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post #1 of 9 (permalink) Old 05-14-2019, 09:50 AM Thread Starter
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Stumbled into Ohlins

Picked up the 772's from a buddy that felt they were too tall...

So, got em on my bike, an 05 roadglide. Now, I'm at the setup process.

My plan is to follow the recommended settings on sag and dampening. And once it stops raining here in New England, get em out there and adjust as needed.

Any special super secret sauce setup advice is greatly appreciated.
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post #2 of 9 (permalink) Old 05-14-2019, 06:32 PM
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Congrats. You are going to love them. Too tall? As in your buddy has short legs? He should have got blocks that push them back and down but let you enjoy the superior ride they provide. His loss is your gain.

I know nothing about an '05 but on our rushmore bikes the mount points between for the left and right shocks are a little different in length so we mount the shorter length and turn out the other shock so it slips right on.

You need two to 3 people to set up the sag correctly and rebound is a play and see once you start at the initial suggestion.

Many of us bought from @Smarty who will gladly talk us through the process while sipping margaritas while laying in his hammock on some beach, somewhere.
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post #3 of 9 (permalink) Old 05-16-2019, 01:33 PM Thread Starter
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Took her for a quick blast today. Sag is set to 30mm, and i am at the 20 click mark for the damping.

Everything everyone has said, yes.

I'm going to soften up the damping a bit. Seems a bit stiff, but maybe not. One way to find out...

So, obviously, now i have to do the fronts...
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post #4 of 9 (permalink) Old 05-16-2019, 11:55 PM
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Quote:
Originally Posted by twowheeladdict View Post
Congrats. You are going to love them. Too tall? As in your buddy has short legs? He should have got blocks that push them back and down but let you enjoy the superior ride they provide. His loss is your gain.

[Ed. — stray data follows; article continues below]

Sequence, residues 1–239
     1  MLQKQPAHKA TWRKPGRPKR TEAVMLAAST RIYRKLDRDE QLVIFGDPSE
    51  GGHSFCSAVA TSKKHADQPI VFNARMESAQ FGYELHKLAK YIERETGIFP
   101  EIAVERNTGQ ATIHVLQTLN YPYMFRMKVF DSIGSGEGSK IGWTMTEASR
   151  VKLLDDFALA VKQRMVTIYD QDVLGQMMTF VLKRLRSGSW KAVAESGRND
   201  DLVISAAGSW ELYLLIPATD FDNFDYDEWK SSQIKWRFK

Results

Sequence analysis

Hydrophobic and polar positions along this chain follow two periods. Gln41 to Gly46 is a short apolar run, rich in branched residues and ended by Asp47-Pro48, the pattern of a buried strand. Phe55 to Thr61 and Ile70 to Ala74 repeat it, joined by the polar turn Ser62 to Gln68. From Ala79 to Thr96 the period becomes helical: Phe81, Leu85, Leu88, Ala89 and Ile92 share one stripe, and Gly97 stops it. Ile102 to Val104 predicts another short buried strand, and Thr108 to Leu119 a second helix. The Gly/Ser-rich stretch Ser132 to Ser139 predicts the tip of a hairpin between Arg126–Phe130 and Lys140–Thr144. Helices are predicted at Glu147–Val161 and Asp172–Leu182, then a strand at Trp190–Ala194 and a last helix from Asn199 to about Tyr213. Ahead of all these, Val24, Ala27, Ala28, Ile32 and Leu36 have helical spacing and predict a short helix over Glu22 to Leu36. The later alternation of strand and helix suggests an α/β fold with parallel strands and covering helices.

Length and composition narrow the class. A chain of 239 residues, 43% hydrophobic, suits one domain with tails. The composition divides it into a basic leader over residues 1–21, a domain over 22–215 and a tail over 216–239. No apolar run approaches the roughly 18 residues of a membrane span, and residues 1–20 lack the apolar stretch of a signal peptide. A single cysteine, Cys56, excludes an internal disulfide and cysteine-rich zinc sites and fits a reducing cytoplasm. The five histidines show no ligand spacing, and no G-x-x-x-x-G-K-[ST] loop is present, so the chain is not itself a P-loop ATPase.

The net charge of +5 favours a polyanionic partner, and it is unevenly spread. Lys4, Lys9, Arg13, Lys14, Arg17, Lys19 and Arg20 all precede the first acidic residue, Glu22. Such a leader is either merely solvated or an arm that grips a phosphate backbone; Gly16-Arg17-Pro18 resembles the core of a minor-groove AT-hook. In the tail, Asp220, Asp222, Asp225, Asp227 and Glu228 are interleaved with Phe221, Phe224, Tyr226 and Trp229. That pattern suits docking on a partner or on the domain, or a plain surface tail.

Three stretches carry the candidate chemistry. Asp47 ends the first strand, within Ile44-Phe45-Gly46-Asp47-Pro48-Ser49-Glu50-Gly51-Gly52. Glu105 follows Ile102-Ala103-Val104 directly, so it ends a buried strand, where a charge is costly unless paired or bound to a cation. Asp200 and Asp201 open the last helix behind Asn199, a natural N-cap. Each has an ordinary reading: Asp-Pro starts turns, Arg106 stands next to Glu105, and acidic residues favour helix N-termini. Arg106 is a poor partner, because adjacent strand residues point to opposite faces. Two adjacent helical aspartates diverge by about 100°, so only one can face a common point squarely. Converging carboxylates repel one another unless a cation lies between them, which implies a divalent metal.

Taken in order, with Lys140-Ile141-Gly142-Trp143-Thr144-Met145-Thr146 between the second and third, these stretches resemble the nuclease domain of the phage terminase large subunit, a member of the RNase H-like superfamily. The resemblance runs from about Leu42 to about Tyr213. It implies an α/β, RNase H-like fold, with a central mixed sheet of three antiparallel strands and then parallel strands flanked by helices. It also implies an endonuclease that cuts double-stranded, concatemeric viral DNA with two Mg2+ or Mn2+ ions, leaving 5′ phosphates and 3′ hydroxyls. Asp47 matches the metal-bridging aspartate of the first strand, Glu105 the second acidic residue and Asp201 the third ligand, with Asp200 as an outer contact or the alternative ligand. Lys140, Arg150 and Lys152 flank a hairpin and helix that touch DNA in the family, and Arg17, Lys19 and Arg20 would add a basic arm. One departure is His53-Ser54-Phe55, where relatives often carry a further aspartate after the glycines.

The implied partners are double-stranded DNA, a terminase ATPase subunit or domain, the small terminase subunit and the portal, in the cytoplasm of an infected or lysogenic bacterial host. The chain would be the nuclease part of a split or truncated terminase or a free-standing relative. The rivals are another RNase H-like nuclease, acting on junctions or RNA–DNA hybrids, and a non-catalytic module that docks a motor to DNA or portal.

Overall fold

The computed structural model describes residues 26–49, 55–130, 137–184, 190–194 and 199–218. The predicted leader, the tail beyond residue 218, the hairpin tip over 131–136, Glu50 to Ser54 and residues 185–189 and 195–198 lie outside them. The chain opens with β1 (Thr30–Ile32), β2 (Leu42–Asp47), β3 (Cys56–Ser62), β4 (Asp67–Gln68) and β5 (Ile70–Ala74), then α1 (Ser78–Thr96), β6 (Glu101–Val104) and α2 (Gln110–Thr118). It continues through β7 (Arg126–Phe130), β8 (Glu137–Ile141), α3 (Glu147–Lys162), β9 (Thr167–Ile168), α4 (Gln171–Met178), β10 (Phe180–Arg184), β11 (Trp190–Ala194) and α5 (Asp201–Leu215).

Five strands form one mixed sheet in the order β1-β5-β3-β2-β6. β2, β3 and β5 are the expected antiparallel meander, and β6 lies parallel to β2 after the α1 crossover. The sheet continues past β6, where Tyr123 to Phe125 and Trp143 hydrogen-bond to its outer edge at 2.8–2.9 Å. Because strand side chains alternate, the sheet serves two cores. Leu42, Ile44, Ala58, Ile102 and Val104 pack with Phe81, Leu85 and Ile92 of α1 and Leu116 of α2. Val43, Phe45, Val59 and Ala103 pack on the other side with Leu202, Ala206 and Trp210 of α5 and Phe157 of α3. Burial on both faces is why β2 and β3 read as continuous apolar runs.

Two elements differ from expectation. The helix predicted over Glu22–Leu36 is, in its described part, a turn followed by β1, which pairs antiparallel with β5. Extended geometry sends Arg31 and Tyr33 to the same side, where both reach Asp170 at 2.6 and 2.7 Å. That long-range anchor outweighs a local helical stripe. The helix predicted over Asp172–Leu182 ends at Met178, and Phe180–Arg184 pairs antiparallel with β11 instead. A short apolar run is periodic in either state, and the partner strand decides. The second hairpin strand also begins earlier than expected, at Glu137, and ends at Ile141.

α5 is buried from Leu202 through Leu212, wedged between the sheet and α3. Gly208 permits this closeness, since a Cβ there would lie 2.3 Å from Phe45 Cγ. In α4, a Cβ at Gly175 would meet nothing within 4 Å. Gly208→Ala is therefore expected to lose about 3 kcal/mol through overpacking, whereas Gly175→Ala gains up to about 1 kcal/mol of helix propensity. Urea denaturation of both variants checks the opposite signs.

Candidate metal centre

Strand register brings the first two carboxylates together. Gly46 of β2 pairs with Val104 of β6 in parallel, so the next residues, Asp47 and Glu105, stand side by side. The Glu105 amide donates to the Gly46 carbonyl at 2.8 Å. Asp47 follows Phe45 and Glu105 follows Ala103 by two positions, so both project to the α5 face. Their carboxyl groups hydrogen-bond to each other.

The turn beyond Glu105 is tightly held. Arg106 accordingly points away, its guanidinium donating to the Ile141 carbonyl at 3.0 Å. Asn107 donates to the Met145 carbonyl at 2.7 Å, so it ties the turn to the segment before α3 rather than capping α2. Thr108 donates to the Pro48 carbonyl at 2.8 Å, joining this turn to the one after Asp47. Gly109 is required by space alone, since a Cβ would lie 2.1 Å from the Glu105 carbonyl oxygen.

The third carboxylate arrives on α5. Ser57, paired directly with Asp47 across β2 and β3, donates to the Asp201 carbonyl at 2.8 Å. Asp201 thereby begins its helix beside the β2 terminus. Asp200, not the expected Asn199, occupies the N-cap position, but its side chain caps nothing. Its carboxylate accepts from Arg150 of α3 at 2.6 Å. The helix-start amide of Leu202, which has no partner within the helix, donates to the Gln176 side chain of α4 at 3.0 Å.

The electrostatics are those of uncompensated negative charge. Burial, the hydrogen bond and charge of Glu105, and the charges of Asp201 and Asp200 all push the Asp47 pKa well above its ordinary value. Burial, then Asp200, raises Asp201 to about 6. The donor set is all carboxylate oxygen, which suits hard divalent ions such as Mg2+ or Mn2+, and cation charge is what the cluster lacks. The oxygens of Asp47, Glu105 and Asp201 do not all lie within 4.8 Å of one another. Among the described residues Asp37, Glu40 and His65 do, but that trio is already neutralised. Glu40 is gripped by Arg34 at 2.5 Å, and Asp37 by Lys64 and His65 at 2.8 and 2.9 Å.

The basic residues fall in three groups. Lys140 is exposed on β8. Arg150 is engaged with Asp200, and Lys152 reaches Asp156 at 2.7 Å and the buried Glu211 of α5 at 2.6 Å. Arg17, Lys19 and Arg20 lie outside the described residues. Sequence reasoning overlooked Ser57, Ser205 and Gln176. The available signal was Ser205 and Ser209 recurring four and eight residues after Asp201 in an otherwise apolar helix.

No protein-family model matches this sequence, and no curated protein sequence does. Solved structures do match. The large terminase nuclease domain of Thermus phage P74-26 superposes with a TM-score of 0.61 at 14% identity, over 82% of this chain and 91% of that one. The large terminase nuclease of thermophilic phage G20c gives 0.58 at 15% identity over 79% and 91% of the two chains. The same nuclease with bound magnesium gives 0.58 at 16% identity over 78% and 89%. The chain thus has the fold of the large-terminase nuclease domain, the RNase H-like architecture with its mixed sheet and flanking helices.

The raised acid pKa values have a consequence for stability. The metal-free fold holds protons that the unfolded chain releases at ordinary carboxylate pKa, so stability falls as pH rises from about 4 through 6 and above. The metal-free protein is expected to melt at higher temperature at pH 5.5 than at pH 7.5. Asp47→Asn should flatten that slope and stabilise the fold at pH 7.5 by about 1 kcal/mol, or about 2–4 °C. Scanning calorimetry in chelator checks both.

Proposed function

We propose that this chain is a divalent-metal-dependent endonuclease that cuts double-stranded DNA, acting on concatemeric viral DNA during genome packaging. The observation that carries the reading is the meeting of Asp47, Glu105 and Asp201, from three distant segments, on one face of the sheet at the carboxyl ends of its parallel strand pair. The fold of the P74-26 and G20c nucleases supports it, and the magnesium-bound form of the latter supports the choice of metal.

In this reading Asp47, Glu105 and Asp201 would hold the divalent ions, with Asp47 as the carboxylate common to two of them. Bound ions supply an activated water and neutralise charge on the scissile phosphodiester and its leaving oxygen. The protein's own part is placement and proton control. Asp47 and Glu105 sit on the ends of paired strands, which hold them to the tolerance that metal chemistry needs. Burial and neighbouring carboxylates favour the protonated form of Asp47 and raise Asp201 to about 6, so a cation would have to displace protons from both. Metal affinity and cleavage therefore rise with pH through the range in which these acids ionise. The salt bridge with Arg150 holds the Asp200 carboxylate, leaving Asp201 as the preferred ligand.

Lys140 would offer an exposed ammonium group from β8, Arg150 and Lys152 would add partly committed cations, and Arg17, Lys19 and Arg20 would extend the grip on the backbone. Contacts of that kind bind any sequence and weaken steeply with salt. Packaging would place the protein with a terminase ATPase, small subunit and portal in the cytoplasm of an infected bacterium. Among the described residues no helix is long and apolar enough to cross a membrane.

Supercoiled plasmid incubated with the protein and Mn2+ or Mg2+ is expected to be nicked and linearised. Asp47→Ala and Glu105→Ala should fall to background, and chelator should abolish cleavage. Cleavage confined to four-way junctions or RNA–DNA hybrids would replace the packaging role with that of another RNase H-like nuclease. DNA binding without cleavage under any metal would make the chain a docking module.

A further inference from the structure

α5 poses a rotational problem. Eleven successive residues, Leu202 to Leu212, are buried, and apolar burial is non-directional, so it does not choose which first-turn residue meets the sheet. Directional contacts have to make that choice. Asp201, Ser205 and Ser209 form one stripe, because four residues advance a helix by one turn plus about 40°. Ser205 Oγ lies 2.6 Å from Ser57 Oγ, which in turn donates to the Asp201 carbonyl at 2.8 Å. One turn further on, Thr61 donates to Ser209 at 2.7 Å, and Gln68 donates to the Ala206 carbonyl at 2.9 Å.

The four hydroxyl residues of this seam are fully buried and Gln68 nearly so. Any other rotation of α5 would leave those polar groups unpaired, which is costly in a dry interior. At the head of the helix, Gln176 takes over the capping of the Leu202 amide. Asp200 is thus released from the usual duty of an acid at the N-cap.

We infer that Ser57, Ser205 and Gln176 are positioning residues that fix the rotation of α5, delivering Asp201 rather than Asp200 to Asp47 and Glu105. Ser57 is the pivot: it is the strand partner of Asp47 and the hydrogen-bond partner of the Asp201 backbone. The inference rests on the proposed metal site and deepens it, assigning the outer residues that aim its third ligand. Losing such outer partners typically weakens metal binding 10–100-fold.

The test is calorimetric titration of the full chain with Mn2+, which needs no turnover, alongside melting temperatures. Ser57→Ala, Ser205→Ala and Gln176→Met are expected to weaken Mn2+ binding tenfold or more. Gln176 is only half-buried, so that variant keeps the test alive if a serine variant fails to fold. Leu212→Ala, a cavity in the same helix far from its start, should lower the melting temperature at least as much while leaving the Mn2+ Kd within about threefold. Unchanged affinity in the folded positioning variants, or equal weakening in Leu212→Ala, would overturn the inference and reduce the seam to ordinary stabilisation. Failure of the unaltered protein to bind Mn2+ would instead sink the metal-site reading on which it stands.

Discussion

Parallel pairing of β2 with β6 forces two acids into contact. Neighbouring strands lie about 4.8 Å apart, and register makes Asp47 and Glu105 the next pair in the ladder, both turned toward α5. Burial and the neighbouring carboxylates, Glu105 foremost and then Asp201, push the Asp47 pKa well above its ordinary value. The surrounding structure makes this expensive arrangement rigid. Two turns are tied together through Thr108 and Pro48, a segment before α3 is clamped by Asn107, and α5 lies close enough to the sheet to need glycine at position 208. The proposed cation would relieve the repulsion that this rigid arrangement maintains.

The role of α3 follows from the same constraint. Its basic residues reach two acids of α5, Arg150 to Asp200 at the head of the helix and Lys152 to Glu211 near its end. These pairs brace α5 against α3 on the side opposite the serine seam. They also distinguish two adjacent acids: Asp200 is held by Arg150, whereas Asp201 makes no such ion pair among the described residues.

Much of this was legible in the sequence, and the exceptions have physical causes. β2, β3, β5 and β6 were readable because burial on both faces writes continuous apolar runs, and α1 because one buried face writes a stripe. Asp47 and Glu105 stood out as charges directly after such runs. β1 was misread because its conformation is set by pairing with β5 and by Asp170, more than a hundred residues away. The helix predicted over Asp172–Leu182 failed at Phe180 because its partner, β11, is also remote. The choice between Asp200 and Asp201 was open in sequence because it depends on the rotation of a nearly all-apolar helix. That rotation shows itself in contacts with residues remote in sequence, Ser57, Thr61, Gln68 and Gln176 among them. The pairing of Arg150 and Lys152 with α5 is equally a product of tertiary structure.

I know nothing about an '05 but on our rushmore bikes the mount points between for the left and right shocks are a little different in length so we mount the shorter length and turn out the other shock so it slips right on.

You need two to 3 people to set up the sag correctly and rebound is a play and see once you start at the initial suggestion.

Many of us bought from @Smarty who will gladly talk us through the process while sipping margaritas while laying in his hammock on some beach, somewhere.
Throwing in my two cents.

Twowheeladdict, you mention that on Rushmore models that individual shocks are a different length. Do we know if it comes that way from the factory when new? Do they really have a different mount point length dimension as a design? That sounds a little goofy. What if one of the shocks was changing length over time as the bumper inside moved and whole motor moved? This could be caused by the difference in the two shocks, one being a shock with rebound damping adjustment, the other just a slave spring allowing the whole motor to shift on its rubber mounts. Not to mention, the bike sits slightly to one side on it's jiffy stand with more weight on side then the other. It’s a BS system. It somewhat defies logic that our swingarm could be slightly sideways and not parallel to the ground right? Also it seems that the length difference continues to change over time/weight. Check with several people that removed the stock units and you will see a length difference between bikes. Again WTF?